Docudharma Times friday June 12

“if Mr. Obama signs into law

a ‘public option,’ government-run insurance program

as part of health-care reform

we won’t be able to undo the damage.”

Karl “Super Genius” Rove Ha Ha Ha

Friday’s Headlines:

Taking the pulse of extremist groups

Innocent grandmother – or suicide bombing mastermind?

Ahmadinejad challenger demands access to polls as Iran election gets under way

Surrendering Tamils were massacred by Sri Lankan army, says rights group

Pyongyang puts the squeeze on its enemy

Mladic: The most wanted man in Europe

Italian politicians accuse Colonel Gaddafi of human rights abuses

Foreigners are the real pirates, says former Somali fisherman

Sudan ‘allows aid agencies back’

As Iran Votes, Talk of a Sea Change



Published: June 12, 2009

TEHRAN – Iranians went to the polls Friday to elect a new president after an unusually intense campaign which saw the hard-line incumbent, Mahmoud Ahmadinejad, seemingly thrown onto the defensive. Opposition leaders said they expected a huge turnout, with many reformists who sat out the last vote in 2005 saying they will take part this time.

Mr. Ahmadinejad’s main opponent is Mir Hussein Moussavi, a moderate who has mobilized huge crowds of his backers in Tehran and other large cities.

The official IRNA news agency reported long lines outside polling stations before they opened at 8 a.m. local time. State-run television showed Iran’s supreme leader, Ayatollah Ali Khamenei, casting his vote under the gaze of local and foreign media.

Kim Jong who? Japanese TV station has egg on its moon face

TV Asahi claimed to have an exclusive photo of Kim Jong Il’s youngest son and heir apparent. Turned out to be a construction worker in South Korea.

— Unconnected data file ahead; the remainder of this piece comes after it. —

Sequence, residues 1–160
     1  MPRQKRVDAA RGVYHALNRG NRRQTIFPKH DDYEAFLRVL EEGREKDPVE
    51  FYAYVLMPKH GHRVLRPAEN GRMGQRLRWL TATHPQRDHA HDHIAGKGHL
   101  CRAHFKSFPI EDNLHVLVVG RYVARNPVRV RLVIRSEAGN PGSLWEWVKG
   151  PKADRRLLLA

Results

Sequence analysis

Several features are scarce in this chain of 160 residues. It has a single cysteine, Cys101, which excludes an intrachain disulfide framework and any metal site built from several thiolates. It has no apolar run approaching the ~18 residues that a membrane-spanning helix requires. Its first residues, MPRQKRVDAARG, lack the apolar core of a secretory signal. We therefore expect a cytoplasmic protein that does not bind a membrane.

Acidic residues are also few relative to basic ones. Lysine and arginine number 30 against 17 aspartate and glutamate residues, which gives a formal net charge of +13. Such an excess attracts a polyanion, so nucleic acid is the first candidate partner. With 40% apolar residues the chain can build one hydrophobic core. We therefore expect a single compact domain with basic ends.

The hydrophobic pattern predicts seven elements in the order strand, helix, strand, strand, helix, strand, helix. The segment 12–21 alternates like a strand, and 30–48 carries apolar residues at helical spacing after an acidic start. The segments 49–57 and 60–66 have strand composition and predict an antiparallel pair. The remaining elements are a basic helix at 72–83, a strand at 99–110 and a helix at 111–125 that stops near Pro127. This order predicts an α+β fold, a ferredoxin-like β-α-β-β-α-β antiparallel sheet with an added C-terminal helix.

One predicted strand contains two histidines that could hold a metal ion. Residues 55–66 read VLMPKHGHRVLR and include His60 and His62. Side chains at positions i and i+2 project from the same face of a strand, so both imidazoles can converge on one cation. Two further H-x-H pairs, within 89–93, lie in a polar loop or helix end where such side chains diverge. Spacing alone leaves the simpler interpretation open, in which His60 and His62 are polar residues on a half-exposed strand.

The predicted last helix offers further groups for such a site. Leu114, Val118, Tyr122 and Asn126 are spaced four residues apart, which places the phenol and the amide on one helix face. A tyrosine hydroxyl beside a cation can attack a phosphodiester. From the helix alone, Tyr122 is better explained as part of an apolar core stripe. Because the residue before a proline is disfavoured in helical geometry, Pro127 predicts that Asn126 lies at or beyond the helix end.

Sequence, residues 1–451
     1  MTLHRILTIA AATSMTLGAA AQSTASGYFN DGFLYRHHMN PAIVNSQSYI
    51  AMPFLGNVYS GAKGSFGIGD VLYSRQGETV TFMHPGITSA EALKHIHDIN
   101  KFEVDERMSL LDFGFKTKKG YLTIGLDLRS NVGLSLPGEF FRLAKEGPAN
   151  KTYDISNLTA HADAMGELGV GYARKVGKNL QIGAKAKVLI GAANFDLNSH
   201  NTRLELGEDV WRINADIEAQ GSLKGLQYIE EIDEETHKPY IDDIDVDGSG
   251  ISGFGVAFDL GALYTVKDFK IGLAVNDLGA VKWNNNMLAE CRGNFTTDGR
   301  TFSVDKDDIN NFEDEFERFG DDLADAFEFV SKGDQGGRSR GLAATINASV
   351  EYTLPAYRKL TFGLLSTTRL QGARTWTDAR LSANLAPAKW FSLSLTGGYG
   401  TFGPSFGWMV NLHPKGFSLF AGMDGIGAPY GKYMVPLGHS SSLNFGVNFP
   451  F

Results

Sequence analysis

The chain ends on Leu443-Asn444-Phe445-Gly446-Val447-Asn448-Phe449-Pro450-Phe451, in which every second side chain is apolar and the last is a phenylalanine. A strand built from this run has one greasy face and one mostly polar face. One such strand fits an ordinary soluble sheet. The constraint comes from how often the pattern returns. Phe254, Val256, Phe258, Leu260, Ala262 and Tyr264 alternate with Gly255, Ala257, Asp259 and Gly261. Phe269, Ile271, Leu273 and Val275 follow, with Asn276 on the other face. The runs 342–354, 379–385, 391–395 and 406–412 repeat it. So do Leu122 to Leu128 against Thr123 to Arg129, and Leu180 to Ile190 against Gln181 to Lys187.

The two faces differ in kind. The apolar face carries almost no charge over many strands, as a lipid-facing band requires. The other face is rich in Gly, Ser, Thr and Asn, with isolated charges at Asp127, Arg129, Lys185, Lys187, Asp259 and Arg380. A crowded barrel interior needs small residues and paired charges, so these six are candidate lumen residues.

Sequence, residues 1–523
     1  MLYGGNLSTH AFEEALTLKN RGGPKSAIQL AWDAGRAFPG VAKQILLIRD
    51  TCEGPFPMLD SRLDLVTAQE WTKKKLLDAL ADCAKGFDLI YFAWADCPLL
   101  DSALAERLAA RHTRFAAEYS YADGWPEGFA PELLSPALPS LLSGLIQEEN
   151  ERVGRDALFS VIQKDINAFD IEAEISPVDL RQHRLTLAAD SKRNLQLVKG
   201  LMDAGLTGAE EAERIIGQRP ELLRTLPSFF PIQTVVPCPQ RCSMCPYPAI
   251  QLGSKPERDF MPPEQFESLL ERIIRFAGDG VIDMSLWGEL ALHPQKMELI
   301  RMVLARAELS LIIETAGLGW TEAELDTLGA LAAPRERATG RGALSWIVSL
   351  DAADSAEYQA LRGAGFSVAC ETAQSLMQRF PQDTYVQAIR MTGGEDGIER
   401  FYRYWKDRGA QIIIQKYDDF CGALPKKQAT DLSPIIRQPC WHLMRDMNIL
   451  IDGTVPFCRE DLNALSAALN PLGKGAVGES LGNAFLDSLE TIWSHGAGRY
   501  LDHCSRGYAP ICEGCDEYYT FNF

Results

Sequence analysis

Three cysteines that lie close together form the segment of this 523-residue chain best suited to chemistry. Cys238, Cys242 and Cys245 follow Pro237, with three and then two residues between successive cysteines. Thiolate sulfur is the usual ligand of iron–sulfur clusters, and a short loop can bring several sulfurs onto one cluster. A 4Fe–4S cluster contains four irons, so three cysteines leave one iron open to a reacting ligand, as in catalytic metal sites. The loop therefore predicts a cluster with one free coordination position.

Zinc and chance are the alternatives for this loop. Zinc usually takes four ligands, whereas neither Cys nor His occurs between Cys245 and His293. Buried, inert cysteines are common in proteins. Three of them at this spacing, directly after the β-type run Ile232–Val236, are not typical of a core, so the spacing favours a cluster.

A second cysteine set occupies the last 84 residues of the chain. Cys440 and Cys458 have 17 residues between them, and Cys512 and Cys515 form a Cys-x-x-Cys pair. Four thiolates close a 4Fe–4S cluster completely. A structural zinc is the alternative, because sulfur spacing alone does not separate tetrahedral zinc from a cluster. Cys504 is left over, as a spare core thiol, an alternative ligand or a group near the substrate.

By John M. Glionna and Ju-min Park

June 12, 2009

Reporting from Seoul — The photograph was considered a journalistic coup, a recent image of the elusive 26-year-old son of North Korean strongman Kim Jong Il, who has reportedly been named the next leader of the secretive state.

The Internet snapshot released by a Tokyo television station purportedly showed an adult Kim Jong Un — whose last known photo was taken at age 12 — as a spitting image of his notorious father, right down to the moon face, coiffed hair and oversize sunglasses.

Trouble was, it wasn’t the younger Kim at all, but a pudgy 40-year-old South Korean construction worker who also operates a website for fortunetellers. He says he is baffled as to how the Japanese got hold of his Internet image.


Obama Bows on Settling Detainees

Administration Gives Up on Bringing Cleared Inmates to U.S., Officials Say

By Peter Finn and Sandhya Somashekhar

Washington Post Staff Writers

Friday, June 12, 2009

The Obama administration has all but abandoned plans to allow Guantanamo Bay detainees who have been cleared for release to live in the United States, administration officials said yesterday, a decision that reflects bipartisan congressional opposition to admitting such prisoners but complicates efforts to persuade European allies to accept them.